Read very briefly from left to right, it appears to recount Bacon’s expulsion from the family home by his father [for borrowing his mother’s underwear: father and son being the male silhouettes] through a traumatic sexual encounter [the squirm on the mattress]…to an inverted Crucifixion (no doubt of Bacon himself) in the last panel….
This interpretation of “humiliating exile and suffering” is one the art historian Martin Harrison also accepts in his book In Camera: Francis Bacon: Photography, Film and the Practice of Painting. In fact narrative paraphrases abound wherever you look: the Violence of the Real catalog captions are glutted with them.
Is this all a crass traducement of Bacon’s art? I don’t think so. The point is that his talk of transcendent immediacy was an aspiration, a handsome modernist reverie, at odds with equally strong countervailing instincts. His pictures can judder the stomach, yes, but they are also adept at mystifying; they tease the viewer’s imagination as much as they assault it. The abrupt handiwork he uses to conjure up figures—an interplay of quick-snatched curls and streaks with down-driven, explosive splats—gets increasingly overlaid, in the course of his career, by finicky texturings with powder pigment and fine bridging lines; for the prevailing direction of his art is toward aesthetic suspense. Increasingly, he dangles those clotted bodies in clean-planed interiors that hark back to his early experience working as a modernist designer; and always he keeps them removed under glass.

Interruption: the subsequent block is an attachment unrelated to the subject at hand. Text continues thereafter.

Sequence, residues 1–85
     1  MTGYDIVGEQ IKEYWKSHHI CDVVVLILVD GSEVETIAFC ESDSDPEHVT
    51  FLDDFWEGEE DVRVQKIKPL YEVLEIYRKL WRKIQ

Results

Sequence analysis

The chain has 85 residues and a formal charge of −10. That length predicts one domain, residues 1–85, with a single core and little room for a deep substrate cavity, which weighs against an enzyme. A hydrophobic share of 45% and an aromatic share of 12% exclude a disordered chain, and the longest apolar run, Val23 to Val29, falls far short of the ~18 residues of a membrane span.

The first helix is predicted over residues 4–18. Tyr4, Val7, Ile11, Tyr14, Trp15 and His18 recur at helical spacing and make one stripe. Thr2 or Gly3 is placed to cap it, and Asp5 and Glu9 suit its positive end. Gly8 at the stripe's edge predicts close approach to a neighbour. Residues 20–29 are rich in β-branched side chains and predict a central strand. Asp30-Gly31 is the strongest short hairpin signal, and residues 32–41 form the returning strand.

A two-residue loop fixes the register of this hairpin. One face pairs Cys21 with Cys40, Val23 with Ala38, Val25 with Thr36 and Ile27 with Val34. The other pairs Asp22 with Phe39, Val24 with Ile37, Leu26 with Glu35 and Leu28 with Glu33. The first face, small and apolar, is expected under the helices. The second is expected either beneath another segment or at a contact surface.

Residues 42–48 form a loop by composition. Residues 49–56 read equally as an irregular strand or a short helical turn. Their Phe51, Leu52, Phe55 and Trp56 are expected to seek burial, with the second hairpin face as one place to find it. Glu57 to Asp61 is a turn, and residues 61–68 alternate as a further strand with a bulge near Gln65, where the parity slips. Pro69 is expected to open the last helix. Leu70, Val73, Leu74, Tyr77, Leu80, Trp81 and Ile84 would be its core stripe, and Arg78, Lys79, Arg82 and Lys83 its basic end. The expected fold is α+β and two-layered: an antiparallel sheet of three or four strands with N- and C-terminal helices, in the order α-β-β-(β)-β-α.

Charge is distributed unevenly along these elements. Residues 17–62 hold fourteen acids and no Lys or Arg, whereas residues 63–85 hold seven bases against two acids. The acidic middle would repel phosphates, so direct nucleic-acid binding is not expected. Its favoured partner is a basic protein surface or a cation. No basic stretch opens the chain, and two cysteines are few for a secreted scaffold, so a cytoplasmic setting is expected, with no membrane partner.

Seen in the light of this aestheticism, Bacon’s paintings become no less interesting, but they do become less icon-like. Is it really essential to assent to a certain crisis-tinged doctrine of the human condition in order to appreciate what this particular artist is offering? A touch of irreverence might give us more room to enjoy his fiendish ingenuity; moreover, to distinguish the indisputable inventions of genius that issued from Reece Mews from the numerous non-events—among the latter, the cover image of Schmied’s book, a dry, affectless specimen of Bacon’s old-age aerated manner. (Incidentally, the publishers have also shortchanged Schmied by printing his text in an insultingly small font.)